The role of your biostatistician for success in medical device clinical trials
The importance of biostatistics in medical device clinical trials
In order to understand the importance of biostatistics in medical device clinical trials we talked to Dr. Lisa Deutsch.
Lisa Deutsch, Ph.D is a Managing Partner at BioStats Statistical Consulting Ltd. Lisa is one of the rare breed of biostatisticians that are specialized practitioners in biostatistics as consultants to sponsors in medical device clinical trials.
Starting off as a maths student with hopes of becoming an actuary one day, Lisa soon found out that statistics are much more interesting for her and moved into that field and as she says herself “stayed there forever”.
Her natural tendency towards all things scientific, especially in the medical field combined with the efforts of Master’s and Ph.D. supervisors (Linda Har-Nevo and Laurence Freedman respectively) effectively synthesized Lisa’s 2 passions- mathematics and biology, making her an exceptional professional in the unique space of statistical analysis planning and execution for clinical trials.
Lisa tells that while she was still at University, people started looking for consultancy and sought her advice, then got her first big time consultancy job from which eventually pulled into clinical trials and consulting to Israeli medical device manufacturers in the are of applications for FDA approval.
The uniqueness of a medical device requires a rigorous scientific approach
Each medical device is unique in almost respects from perspective of intended use, engineering, data model, efficacy and safety. Lisa started working in medical statistics and had to learn how to answer questions on her own and she developed her own skill-set. That involved meticulous attention to details and thorough checking and developing a rigorous scientific approach to evaluating efficacy and safety of medical devices in clinical trials.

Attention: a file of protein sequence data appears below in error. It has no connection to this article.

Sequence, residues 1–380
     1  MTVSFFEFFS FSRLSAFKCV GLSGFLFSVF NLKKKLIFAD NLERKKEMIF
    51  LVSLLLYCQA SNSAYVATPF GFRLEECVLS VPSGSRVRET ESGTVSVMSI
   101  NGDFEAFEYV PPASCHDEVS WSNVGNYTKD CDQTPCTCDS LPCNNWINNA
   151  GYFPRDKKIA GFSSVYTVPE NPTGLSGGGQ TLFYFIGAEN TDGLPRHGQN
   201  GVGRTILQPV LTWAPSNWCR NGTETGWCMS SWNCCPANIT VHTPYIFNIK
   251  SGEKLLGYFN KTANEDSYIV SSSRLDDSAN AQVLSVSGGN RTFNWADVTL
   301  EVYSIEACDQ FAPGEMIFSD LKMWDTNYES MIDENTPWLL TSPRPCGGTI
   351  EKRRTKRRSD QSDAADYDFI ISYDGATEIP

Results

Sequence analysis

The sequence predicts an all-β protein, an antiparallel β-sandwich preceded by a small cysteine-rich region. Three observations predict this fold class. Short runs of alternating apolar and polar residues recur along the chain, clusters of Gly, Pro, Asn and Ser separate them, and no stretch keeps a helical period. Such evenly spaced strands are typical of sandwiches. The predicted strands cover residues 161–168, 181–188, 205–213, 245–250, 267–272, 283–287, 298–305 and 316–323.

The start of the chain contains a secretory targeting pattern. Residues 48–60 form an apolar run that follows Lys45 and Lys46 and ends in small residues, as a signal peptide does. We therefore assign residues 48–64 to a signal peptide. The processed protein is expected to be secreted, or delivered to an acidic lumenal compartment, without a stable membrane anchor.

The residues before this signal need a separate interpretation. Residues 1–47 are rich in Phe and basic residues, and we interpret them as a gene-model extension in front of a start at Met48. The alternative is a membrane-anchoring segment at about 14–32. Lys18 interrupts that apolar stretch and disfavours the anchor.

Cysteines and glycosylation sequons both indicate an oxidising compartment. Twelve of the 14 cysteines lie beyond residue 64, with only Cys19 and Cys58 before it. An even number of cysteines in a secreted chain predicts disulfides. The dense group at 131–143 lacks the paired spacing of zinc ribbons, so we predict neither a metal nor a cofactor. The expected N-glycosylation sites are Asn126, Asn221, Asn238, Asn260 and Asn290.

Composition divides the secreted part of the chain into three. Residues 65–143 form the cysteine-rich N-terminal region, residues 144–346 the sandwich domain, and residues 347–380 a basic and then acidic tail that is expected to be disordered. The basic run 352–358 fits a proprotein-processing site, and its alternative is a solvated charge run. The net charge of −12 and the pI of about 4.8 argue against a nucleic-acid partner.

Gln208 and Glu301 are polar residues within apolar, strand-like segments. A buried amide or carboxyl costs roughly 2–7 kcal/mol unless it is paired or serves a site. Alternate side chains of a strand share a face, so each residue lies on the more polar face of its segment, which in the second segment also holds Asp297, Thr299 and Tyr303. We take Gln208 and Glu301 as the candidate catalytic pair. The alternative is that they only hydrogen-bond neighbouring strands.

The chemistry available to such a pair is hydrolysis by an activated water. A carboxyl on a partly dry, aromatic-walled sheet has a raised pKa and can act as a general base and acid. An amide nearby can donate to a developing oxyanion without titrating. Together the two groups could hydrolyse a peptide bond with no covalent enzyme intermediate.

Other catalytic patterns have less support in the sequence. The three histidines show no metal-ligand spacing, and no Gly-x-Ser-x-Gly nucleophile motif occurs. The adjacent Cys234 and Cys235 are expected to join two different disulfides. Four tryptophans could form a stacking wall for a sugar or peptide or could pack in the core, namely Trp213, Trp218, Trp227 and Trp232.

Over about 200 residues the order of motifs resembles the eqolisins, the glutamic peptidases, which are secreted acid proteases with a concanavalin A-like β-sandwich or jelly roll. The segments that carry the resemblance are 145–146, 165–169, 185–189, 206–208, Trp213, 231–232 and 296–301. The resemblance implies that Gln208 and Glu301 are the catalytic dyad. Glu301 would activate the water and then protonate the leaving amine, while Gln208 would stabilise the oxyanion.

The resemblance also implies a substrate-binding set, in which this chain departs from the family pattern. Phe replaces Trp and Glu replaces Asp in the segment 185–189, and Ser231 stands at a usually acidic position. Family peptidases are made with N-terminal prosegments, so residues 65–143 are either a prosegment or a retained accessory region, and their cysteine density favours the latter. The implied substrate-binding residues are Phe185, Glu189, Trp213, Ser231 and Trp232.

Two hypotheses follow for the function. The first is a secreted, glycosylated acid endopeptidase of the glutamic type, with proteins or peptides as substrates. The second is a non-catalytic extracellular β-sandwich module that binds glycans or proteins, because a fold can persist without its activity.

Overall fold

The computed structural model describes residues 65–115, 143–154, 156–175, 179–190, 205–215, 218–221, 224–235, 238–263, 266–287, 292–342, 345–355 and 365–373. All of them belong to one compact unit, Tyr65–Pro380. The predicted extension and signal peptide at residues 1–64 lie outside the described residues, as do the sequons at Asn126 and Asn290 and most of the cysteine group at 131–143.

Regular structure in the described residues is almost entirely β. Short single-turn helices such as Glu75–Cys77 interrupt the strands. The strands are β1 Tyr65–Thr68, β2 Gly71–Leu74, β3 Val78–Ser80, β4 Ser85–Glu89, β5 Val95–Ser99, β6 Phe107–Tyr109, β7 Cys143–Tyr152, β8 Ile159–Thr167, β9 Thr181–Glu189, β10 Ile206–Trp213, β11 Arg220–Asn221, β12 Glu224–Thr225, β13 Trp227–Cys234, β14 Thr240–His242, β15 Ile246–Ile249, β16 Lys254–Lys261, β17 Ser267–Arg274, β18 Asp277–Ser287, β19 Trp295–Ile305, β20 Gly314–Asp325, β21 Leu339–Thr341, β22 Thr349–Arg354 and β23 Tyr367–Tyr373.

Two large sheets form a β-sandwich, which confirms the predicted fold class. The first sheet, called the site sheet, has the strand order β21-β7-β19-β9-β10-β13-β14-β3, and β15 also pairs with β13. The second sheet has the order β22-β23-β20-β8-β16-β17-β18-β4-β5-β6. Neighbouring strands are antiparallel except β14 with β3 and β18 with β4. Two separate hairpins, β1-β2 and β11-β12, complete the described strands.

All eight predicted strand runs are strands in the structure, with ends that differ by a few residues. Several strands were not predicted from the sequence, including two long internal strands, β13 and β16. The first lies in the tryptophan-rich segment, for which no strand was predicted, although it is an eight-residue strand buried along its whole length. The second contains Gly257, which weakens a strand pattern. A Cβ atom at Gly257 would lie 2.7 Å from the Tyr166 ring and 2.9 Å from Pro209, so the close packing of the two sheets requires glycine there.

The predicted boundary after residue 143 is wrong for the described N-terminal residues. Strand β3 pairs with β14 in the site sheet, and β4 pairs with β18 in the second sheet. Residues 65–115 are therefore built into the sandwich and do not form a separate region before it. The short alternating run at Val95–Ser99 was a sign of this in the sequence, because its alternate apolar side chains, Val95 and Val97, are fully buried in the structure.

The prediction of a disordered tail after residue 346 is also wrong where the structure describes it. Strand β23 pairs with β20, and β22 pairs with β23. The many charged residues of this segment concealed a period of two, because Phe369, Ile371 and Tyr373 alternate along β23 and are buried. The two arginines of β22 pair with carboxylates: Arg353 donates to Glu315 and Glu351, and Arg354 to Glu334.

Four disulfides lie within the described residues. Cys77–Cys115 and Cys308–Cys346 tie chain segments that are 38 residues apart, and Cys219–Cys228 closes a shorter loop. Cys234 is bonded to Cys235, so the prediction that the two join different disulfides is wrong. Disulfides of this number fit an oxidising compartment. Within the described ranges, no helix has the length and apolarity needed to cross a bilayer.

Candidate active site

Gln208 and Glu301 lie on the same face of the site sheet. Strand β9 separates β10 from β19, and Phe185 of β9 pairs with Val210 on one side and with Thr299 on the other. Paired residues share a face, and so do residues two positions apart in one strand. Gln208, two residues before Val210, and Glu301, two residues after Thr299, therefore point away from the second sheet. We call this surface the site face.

Trends in society drive innovative medical devices
According to Lisa, we are seeing rapid innovations and achievements in medical devices particularly in automated diagnosis and robotic procedures which are very hot fields.
People are trying to automate medicine using software as medical devices to enable quick and accurate diagnostics, to facilitate treatment, and to monitor the patients’ progress and improve clinical outcomes.
Other drivers of medical device innovations in Israel are connected with limited resources in terms of clinics and health care personnel and an aging population which create a booming market for medical device clinical trials in Israel.
As the population gets older, more people retire and the medical profession is no exception. Following the collapse of the Soviet Union, Israel experienced a huge influx of nurses and physicians. In about 20 years’ time, many of them will head towards retirement: this combined with aging population puts a great deal of pressure on Israeli healthcare.
Scientific testing in medical device clinical trials
As a result of an economy that does not have the economic resources of the US – Israeli medical device innovation is increasing turning towards automation – automation of patient adherence, automation of medical diagnosis and automation of patient monitoring. All of this medical innovation needs to be tested scientifically in clinical trials.
The role of the biostatistician in medical device clinical trials
The role of the biostatistician in medtech clinical trials starts before the first patient enters the study with a SAP – a statistical analysis plan. The SAP describes the planned analysis for a series of clinical trials and relates to the primary endpoints of the medical device trials, the safety endpoints and do that based on the medical device trial clinical protocol. A SAP requires statistical expertise and abstract thinking skills. During the medical device clinical trial, the biostatistician will be called upon to perform an interim analysis and at the end of the study a final statistical analysis to assess the efficacy and safety of the medical device.